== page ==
Strong winds hit Scotland: in pictures

165mph hurricane-strength winds close schools and leave thousands without power.

All photos: Getty Images

The worst storm in a decade struck Scotland yesterday, leaving 150,000 homes without power and forcing schools, public buildings and businesses in all parts of the country -- including Glasgow and Edinburgh -- to close. The extreme winds, caused by a rapid drop in air pressure over the northern half of the UK, reached up to 165mph -- the speed of a Force 12 hurricane.

Cancelled trains, flights and ferries left hundreds of passengers stranded in railway stations and airports across Scotland and Northern Ireland. The Scottish government has today advised people in central areas to avoid travelling, and warned that some homes may not have their electricity reconnected until early next week. Over 70,000 Scottish Hydro customers are currently without power.

Some of the worst disruption has been caused across the Highlands, Aberdeenshire and Orkney, where there are fears today the islands will suffer further damage from high tides.

A major search and rescue operation was this morning launched in the Cairngorms for five hill-walkers who had not been heard from since Wednesday. A Royal Navy helicopter was used in the land and air search for the men, who have since been found safe.

Alice Gribbin is a Teaching-Writing Fellow at the Iowa Writers' Workshop. She was formerly the editorial assistant at the New Statesman.

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Donald Trump promises quick Brexit trade deal - but the pound still falls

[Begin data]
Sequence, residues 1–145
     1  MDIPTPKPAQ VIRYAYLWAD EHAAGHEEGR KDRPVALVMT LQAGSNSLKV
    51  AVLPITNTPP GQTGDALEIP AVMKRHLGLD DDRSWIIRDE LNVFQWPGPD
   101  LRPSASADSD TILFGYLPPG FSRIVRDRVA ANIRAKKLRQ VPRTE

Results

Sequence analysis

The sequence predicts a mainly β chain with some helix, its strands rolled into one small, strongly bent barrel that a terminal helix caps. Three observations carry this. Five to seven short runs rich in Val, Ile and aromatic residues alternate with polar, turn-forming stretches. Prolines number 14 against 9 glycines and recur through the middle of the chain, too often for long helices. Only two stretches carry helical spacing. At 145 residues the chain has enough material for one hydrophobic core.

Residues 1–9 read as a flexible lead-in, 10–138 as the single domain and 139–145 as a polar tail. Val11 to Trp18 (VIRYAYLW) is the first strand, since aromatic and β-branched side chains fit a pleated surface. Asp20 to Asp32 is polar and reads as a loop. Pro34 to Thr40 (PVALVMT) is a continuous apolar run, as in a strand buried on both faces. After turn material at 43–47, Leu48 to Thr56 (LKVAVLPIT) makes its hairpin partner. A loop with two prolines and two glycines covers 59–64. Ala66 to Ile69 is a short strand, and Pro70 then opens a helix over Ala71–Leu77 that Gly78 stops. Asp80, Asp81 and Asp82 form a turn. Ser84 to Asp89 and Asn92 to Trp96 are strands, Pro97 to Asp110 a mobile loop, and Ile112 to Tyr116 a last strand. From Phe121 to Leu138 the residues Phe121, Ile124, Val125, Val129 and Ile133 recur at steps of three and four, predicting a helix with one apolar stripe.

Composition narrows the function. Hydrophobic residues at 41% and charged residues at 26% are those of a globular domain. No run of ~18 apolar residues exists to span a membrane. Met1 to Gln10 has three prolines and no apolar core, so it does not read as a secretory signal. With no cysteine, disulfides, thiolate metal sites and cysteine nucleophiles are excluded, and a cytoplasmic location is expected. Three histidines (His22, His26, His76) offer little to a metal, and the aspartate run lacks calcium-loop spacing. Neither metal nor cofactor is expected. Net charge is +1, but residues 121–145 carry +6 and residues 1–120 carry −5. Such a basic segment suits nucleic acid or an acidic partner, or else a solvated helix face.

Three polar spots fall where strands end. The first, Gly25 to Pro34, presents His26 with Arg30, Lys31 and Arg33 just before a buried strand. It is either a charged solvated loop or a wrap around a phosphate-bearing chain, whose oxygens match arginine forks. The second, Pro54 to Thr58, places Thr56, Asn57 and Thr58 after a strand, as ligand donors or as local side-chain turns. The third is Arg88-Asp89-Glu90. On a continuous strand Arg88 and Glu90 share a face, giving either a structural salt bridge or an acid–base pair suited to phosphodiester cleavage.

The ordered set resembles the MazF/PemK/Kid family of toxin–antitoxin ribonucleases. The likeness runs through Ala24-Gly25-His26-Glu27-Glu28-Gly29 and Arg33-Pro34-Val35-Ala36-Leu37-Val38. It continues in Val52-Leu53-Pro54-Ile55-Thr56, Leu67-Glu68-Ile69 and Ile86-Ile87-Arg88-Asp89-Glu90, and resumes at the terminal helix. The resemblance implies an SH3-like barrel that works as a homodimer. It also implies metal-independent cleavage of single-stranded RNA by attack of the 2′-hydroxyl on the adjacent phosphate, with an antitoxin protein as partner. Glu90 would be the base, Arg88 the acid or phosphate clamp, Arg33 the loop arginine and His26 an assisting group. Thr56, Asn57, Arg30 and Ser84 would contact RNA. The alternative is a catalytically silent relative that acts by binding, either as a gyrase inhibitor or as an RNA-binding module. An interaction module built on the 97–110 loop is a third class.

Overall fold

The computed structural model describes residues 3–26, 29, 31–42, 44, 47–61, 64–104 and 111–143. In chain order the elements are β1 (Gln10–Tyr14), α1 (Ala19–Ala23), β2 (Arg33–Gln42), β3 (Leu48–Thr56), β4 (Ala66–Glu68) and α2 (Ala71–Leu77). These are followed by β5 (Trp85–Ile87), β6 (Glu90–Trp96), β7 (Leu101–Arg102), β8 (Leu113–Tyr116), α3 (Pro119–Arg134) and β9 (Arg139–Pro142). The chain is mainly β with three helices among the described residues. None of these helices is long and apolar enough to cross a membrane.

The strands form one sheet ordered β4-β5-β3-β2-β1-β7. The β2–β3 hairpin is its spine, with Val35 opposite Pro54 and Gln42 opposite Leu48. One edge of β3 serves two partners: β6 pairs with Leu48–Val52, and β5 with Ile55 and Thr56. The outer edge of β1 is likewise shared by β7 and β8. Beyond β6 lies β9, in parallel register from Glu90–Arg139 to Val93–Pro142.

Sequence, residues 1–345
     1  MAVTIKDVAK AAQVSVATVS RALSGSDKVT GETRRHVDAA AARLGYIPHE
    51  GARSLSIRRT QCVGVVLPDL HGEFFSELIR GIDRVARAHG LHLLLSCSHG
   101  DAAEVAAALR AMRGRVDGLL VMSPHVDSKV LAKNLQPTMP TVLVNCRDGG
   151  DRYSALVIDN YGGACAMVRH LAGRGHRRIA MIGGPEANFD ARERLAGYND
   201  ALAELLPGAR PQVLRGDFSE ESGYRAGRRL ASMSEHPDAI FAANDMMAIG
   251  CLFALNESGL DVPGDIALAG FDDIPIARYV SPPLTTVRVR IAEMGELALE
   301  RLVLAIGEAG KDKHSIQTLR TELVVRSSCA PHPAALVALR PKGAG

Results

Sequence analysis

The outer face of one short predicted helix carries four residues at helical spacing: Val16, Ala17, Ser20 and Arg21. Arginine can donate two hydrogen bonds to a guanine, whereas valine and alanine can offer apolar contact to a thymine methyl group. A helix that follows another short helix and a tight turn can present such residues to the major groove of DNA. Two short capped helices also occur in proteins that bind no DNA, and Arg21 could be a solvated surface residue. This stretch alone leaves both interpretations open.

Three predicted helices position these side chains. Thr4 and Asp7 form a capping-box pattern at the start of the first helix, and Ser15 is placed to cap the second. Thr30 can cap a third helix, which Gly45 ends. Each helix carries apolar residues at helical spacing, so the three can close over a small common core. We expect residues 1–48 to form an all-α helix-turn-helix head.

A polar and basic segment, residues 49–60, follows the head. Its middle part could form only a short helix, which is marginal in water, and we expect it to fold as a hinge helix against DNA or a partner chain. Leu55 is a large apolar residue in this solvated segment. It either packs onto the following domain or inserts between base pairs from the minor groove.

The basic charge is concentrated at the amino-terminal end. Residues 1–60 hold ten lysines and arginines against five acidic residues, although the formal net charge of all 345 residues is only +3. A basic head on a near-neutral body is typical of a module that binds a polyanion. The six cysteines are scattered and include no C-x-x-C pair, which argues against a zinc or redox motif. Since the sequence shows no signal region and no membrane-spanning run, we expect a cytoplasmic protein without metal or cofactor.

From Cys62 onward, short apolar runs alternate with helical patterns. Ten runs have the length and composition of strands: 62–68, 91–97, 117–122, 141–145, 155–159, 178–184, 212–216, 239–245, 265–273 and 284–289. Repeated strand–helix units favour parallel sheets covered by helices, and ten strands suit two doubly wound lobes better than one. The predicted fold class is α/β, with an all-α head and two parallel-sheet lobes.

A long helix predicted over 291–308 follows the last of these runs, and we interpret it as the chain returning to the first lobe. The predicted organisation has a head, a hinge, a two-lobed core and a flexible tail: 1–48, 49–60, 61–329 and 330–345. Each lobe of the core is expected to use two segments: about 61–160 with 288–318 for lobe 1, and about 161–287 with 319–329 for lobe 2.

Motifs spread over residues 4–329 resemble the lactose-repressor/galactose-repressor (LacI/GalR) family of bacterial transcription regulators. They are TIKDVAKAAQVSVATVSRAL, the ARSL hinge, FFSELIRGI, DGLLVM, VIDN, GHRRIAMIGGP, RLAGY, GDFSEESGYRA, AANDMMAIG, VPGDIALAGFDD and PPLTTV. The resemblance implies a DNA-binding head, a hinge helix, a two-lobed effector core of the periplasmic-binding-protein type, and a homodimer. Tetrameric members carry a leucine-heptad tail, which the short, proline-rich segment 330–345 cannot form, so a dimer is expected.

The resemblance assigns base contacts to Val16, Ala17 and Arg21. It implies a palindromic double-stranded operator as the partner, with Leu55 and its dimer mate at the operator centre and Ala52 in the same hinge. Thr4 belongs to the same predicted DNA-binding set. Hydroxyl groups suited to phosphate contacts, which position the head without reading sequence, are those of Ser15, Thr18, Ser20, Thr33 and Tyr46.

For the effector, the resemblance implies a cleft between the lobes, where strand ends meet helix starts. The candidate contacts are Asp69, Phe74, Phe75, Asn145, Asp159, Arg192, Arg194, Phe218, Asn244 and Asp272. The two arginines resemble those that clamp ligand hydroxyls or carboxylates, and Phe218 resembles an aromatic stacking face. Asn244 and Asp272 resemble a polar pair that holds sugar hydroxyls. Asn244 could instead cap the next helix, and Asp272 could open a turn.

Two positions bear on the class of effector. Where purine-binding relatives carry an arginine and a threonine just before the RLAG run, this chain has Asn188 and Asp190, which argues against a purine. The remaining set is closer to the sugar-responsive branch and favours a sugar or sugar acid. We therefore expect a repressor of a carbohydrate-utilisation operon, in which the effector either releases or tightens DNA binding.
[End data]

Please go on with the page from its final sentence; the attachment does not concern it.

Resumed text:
The incoming President was talking to cast out Brexiteer, Michael Gove. 

The incoming President, Donald Trump, told the Brexiteer Michael Gove he would come up with a UK-US trade deal that was "good for both sides".

The man who styled himself "Mr Brexit" praised the vote in an interview for The Times

His belief that Britain is "doing great" is in marked contrast to the warning of current President, Barack Obama, that Brexit would put the country "at the back of the queue" for trade deals.

But while Brexiteers may be chuffed to have a friend in the White House, the markets think somewhat differently.

Over the past few days, reports emerged that the Prime Minister, Theresa May, is to outline plans for a "hard Brexit" with no guaranteed access to the single market in a speech on Tuesday.

The pound slipped to its lowest level against the dollar in three months, below $1.20, before creeping up slightly on Monday.

Nigel Green, founder and chief executive of the financial planners deVere Group, said on Friday: "A hard Brexit can be expected to significantly change the financial landscape. As such, people should start preparing for the shifting environment sooner rather than later."

It's hard to know the exact economic impact of Brexit, because Brexit - officially leaving the EU - hasn't happened yet. Brexiteers like Gove have attacked "experts" who they claim are simply talking down the economy. It is true that because of the slump in sterling, Britain's most international companies in the FTSE 100 are thriving. 

But the more that the government is forced to explain what it is hoping for, the better sense traders have of whether it will involve staying in the single market. And it seems that whatever the President-Elect says, they're not buying it.


 

 

Julia Rampen is the editor of The Staggers, The New Statesman's online rolling politics blog. She was previously deputy editor at Mirror Money Online and has worked as a financial journalist for several trade magazines.